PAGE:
A 9-year-old 513-kg (1,128-lb) Thoroughbred gelding (horse 1) with a history of bilateral forelimb lameness localized to the feet of approximately 2 years' duration underwent general anesthesia to facilitate MRI of both front feet. A complete physical examination at the time of admission did not reveal any evidence of systemic abnormalities. Food, but not water, was withheld overnight.
Prior to anesthesia, the horse had a heart rate of 36 beats/min, respiratory rate of 16 breaths/min, and rectal temperature of 37.3°C (99.2°F). A 14-gauge catheter was aseptically placed in the right jugular vein and secured with a suture. The horse
A 6-year-old 8.4-kg (18.5-lb) castrated male domestic shorthair cat was examined by the small animal emergency service at the University of Illinois Veterinary Medical Teaching Hospital because of progressive subcutaneous emphysema of the head, neck, and thorax of 1 week's duration. Signs developed shortly after a routine dental procedure had been performed by the referring veterinarian.
Physical examination revealed severe subcutaneous emphysema extending from the head to the base of the tail and distally to the level of the carpal and tarsal joints. The cat was bright, alert, and responsive. Rectal temperature was 40°C (104°F), pulse rate was 160
OBJECTIVE To report complication rates following elective arthroscopy in horses and determine whether postoperative complication rates are higher for outpatient procedures, compared with inpatient procedures.
DESIGN Retrospective cohort study.
ANIMALS 357 client-owned horses that had undergone 366 elective arthroscopic procedures between January 2008 and February 2015.
PROCEDURES Medical records were retrospectively reviewed. Data collected included signalment, travel time to the hospital, clinical signs, joints treated, lesions diagnosed, medications administered, anesthesia and surgery times, details of the procedure (including closure method and surgeons involved), and hospitalization status (inpatient or outpatient). Inpatients were horses that remained hospitalized overnight, and outpatients were horses that were discharged in the afternoon of the day of surgery. The collected data were analyzed along with follow-up information to identify factors associated with postoperative complications and potentially associated with hospitalization status.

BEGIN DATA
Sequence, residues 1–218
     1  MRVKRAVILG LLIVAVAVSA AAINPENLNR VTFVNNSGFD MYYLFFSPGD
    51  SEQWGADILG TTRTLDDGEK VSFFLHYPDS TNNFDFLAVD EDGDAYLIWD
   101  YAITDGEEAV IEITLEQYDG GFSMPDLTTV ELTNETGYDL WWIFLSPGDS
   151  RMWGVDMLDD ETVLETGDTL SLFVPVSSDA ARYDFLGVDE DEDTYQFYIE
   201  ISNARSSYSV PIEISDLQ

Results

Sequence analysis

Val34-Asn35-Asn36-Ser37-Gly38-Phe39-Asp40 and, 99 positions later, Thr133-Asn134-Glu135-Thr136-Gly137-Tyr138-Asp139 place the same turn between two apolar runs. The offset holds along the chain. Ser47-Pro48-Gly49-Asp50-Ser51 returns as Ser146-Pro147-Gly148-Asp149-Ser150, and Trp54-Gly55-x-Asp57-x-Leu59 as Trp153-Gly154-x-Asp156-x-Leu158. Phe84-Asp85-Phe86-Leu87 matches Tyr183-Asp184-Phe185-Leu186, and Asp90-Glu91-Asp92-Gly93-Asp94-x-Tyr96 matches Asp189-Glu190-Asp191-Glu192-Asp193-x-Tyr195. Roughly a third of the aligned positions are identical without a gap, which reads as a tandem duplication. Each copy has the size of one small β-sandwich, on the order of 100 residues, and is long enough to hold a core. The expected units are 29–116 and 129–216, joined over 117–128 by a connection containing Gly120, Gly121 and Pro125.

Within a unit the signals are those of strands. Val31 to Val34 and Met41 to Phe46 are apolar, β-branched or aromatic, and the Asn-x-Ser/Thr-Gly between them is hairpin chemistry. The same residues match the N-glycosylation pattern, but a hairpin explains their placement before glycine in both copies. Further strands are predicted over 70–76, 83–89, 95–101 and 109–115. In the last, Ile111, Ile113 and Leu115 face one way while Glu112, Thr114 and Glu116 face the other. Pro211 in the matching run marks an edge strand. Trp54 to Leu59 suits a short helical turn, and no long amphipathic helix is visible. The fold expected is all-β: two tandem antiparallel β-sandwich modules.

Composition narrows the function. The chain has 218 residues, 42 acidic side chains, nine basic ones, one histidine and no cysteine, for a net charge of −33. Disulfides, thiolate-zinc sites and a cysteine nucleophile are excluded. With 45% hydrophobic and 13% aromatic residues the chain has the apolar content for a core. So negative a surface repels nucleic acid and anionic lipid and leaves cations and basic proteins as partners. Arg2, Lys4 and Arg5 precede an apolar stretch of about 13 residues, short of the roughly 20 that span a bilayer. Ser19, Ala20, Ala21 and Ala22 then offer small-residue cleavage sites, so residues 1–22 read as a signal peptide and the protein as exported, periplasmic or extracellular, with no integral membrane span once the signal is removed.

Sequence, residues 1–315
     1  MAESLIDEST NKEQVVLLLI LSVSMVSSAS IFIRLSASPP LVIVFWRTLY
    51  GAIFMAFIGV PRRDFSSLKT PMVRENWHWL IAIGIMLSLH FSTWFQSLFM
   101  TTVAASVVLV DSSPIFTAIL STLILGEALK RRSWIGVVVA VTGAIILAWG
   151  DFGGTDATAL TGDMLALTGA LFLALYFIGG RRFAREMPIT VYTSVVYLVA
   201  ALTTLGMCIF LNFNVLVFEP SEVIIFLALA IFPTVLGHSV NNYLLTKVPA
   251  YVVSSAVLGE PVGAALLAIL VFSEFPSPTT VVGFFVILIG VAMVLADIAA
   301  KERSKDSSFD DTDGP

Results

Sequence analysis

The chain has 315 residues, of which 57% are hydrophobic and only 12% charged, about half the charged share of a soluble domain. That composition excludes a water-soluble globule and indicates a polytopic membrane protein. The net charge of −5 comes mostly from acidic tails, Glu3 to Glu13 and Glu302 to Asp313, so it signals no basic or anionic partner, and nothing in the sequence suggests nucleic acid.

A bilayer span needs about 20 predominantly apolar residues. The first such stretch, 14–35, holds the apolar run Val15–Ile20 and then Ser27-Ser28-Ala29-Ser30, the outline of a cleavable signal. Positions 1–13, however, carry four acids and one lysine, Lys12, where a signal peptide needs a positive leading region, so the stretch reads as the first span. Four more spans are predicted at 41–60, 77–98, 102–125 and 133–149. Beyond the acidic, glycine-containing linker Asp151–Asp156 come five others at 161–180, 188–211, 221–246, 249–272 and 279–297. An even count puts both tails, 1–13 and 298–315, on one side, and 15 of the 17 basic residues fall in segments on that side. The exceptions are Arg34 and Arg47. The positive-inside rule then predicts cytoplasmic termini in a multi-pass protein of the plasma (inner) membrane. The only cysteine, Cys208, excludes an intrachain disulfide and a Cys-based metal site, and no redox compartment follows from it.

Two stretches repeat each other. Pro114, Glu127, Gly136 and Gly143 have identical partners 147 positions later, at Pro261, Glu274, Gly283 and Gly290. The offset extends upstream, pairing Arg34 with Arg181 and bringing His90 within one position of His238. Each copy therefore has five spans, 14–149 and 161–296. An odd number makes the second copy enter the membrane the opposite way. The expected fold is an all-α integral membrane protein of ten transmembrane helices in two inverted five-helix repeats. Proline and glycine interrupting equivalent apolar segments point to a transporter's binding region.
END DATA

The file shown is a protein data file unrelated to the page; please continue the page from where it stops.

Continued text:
RESULTS Data were collected on 366 elective arthroscopic procedures (outpatient, n = 168 [46%]; inpatient, 198 [54%]). Complications that occurred included bandage sores, catheter problems, colic, diarrhea, postoperative discomfort, esophageal impaction, fever, incisional drainage, postanesthetic myopathy, persistent synovitis, persistent lameness, septic arthritis, and osteochondral fragments not removed during the original surgery. None of these complications were associated with hospitalization status (outpatient vs inpatient). However, Standardbreds were overrepresented in the outpatient group, and anesthesia and surgery times were longer for the inpatient group.
CONCLUSIONS AND CLINICAL RELEVANCE Results suggested that outpatient elective arthroscopy in healthy horses could be performed safely and without a higher risk of complications, com pared with similar procedures performed on an inpatient basis.
Objective—To evaluate the righting reflex after topical application of a sevoflurane jelly in cane toads (Bufo marinus).
Animals—8 cane toads.
Procedures—Toads were 6 to 8 months of age and weighed (mean ± SD) 142.0 ± 25.2 g. Sevoflurane jelly was applied to the dorsum of each toad at a dose of 25 μL/g in trial 1 and 37.5 μL/g in trial 2. Toads were placed in dorsal recumbency every 30 seconds until loss of the righting reflex. Jelly was then removed by rinsing the toads with tap water. Toads were then left undisturbed in dorsal recumbency until return of the righting reflex. Chamber sevoflurane concentration was measured to determine vaporization.